The second observation is when you do something with someone, it's never seems to be as bad as doing it yourself. Try this with your children. Get them to go around the house and pick up stuff by themselves. Trust me, inventing perpetual motion is much easier. But make it a game, like treasure hunt and play it with them, everyone has fun and the job gets done.

Self-motivation and playing with others are keys to engagement. Same reason why people have personal trainers, it's hard to be self-motivated to exercise at home. Much easier to do it at the gym when you see others with equal purpose. The mere fact that you are in the same room doing a common task is sufficient.

My son refuses to buy games that are single player games anymore. His argument, he can finish the game in a couple of days and it sits on his shelf. Network games however allow him to play the game forever because each game is different with new participants. Note, often he doesn't know these people beyond their code names and most times, he'll never meet them again.

However, when we undertake journeys that are important, we prefer to do it with people we know, because they become part of the story, they become part of your history.

Why not?

This weekend, my daughter wanted to make Green Tea Ice Cream for a friend as a birthday gift. I argued that we didn't have the time, recipe or ingredients to make it. Besides, the local Asian supermarket had a delicious brand on sale. We could buy it cheaper than we could make it.

She looked me in eye and asked why not? At the moment, all my excuses why we shouldn't seemed pretty silly. We made the ice cream and it was delicious.

Adults ask why in the hope we find enough excuses not to do something. Children in their quest to explore ask why not? For them the journey is as important if not more so than the destination.

Our sense of possibility dims with age. We should learn from our children.

Saturday, October 02, 2010

Lost in Translation

The more I think about gamification, the more excited I get. If the average teenager spends as much time playing games as he does in high school, there is a parallel universe that is untapped. Currently it is a universe that is tolerated rather than leveraged.

The fear I have is that when people get excited, it's like you have a hammer and everything looks like nail. Age brings the benefits of experience having lived the history instead of reading it. I saw the fads of AI, B2B, CRM, ERP, millions of dollars spent inappropriately because everyone wants that silver bullet, the holy water, the miracle cure. Many of these technologies thrive today because they are useful and strategic where they should be. Hundreds of casualties and dollars are littered on the way because they weren't.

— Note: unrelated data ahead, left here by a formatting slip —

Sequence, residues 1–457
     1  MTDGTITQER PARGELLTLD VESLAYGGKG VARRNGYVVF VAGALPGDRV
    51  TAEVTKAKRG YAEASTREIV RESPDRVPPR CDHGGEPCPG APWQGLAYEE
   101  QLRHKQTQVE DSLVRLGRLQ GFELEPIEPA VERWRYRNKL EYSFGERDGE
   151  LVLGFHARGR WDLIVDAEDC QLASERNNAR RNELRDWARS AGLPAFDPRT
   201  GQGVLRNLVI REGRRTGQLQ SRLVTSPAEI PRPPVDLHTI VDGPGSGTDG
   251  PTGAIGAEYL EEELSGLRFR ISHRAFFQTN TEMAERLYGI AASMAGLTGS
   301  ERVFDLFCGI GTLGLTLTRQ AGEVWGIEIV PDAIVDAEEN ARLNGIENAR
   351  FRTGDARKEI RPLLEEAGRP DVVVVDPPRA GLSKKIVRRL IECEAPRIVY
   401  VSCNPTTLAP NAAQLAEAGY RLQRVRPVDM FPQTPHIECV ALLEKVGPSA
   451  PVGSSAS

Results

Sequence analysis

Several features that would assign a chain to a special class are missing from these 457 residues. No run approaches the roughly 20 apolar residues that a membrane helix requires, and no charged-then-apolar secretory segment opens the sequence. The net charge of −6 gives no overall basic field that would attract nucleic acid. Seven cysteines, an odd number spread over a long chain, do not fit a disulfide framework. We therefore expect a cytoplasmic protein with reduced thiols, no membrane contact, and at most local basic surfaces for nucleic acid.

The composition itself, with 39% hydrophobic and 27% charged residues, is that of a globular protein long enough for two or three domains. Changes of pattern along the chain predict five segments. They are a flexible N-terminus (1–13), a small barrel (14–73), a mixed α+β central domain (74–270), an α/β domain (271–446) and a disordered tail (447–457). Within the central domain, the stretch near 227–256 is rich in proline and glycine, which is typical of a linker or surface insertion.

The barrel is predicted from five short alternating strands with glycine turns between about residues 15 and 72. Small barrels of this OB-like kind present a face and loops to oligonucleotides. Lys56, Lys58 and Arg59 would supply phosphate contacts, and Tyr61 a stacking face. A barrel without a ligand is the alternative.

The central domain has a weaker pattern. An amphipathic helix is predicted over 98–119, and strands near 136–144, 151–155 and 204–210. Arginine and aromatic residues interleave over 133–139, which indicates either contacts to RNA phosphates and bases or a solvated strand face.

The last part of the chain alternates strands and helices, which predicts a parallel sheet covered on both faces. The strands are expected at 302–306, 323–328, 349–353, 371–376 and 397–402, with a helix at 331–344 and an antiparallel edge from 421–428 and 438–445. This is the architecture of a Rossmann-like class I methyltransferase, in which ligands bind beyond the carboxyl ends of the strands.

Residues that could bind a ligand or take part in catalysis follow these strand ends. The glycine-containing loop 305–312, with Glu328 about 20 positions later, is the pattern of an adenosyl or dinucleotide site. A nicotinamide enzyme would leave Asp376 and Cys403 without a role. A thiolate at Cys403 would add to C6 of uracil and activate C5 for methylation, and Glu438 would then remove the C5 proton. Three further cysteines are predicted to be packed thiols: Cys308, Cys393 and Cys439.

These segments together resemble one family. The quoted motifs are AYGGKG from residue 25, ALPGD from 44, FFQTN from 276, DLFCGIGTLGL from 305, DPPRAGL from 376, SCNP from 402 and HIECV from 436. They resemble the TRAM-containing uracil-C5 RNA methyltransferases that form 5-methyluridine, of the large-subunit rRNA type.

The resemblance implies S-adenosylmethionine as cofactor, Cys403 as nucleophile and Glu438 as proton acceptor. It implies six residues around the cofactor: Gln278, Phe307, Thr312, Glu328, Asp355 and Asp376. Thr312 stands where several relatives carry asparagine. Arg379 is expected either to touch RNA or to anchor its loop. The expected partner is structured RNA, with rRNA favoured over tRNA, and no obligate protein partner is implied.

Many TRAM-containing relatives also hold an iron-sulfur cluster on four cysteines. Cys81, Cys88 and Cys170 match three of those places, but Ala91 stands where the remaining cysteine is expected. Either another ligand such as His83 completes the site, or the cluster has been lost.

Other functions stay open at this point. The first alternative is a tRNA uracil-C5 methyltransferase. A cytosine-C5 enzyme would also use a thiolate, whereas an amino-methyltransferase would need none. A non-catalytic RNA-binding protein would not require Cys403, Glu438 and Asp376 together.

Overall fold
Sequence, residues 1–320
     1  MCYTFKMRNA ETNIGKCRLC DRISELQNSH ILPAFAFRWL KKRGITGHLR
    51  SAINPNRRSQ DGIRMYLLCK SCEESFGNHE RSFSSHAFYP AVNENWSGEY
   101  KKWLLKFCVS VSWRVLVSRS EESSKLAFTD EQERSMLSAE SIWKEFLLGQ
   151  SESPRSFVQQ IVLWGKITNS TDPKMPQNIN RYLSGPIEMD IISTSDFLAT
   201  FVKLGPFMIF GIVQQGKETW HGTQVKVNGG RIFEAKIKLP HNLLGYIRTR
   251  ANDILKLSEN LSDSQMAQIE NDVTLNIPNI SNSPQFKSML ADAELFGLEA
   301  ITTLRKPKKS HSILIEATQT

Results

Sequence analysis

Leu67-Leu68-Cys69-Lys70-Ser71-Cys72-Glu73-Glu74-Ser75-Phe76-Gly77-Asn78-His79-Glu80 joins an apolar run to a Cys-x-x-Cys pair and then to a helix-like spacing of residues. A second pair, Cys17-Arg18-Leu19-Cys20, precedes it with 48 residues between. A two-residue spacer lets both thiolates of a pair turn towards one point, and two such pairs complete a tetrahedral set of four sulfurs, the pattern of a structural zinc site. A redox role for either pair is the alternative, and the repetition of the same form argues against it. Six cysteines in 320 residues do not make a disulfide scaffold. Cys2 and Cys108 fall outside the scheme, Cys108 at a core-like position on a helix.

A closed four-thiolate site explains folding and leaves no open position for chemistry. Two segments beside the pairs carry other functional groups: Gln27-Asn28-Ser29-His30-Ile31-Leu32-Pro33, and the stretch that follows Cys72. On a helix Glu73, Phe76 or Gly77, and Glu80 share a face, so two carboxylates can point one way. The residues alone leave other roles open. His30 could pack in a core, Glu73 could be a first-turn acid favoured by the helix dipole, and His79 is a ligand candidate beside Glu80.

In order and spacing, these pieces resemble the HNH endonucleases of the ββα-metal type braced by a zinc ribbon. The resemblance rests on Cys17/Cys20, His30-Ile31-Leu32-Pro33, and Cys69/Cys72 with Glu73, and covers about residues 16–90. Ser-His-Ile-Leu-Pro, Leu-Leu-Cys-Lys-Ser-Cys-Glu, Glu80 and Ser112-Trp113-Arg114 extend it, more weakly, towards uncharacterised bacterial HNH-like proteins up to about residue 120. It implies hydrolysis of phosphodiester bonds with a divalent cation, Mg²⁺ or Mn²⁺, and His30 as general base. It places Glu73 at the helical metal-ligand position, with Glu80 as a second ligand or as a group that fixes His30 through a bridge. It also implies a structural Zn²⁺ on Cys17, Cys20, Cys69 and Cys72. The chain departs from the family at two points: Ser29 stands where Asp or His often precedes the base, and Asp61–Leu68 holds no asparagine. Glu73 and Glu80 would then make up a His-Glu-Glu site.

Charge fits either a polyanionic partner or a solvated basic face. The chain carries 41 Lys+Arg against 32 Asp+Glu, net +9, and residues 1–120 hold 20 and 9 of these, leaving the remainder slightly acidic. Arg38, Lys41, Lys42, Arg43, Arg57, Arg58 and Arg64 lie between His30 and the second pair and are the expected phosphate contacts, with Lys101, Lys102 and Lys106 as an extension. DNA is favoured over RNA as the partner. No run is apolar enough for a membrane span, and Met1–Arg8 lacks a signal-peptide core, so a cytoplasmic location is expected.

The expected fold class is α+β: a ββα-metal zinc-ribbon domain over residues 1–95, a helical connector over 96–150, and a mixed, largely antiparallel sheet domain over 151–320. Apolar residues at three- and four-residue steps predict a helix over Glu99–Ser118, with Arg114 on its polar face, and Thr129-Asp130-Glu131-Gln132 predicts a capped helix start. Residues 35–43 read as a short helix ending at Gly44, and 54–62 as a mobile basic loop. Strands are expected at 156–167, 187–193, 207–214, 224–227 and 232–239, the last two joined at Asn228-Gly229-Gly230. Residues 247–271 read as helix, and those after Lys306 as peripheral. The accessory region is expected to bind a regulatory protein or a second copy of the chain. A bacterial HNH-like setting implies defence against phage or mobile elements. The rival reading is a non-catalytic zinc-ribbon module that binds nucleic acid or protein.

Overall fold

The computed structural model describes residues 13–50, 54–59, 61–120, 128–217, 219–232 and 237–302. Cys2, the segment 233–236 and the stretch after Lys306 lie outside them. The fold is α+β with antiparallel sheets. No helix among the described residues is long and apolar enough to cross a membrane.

Bringing new ideas into any company or life is by definition traumatic because they threaten the norm, they make you uncomfortable, they change your beliefs and they potentially make you look stupid when you see what you have done in the past.

The problem why ideas don't stick or don't apply is that something got lost in translation. Usually it is the intent, the core of the idea. We sometimes get caught up in the mechanics, the rules. We argue about the how instead of the why. Logic is at arms with the illogical. We forget that logic is often not a product of mathematics in our lives, it is a product of our culture, teachings and learnings. We forget these were created in the context of time. But time passes, so should cultures evolve, new discoveries lead to new learnings.

Be definition, at least mine, an expert is someone who knows when to apply something and what to do in that context. It is a generic principle. We should take heed as we go down the path of making business fun. Before of technology and ideas that get lost in translation.

My mission, making sure "making business fun" should no longer be an oxymoron.

My epiphany of the day... Progress is learning from the future not from the past. Is that not the definition of imagination?

Friday, October 01, 2010

Shall we play a game?

10 years ago, I had this weird and wacky idea of making games on the Gameboy so that kids would play in class as part of the act of learning, or is it learn as part of the act of playing. Several years later, I thought Serious Play, a Lego initiative was just as important, introducing play into the workplace as a serious tool to problem-solving. So much so, I made it a practice to buy small Lego kits for all my team members. The whole premise was that if they learnt to 'play' at work, they would come up with some pretty unique solutions and have fun doing it.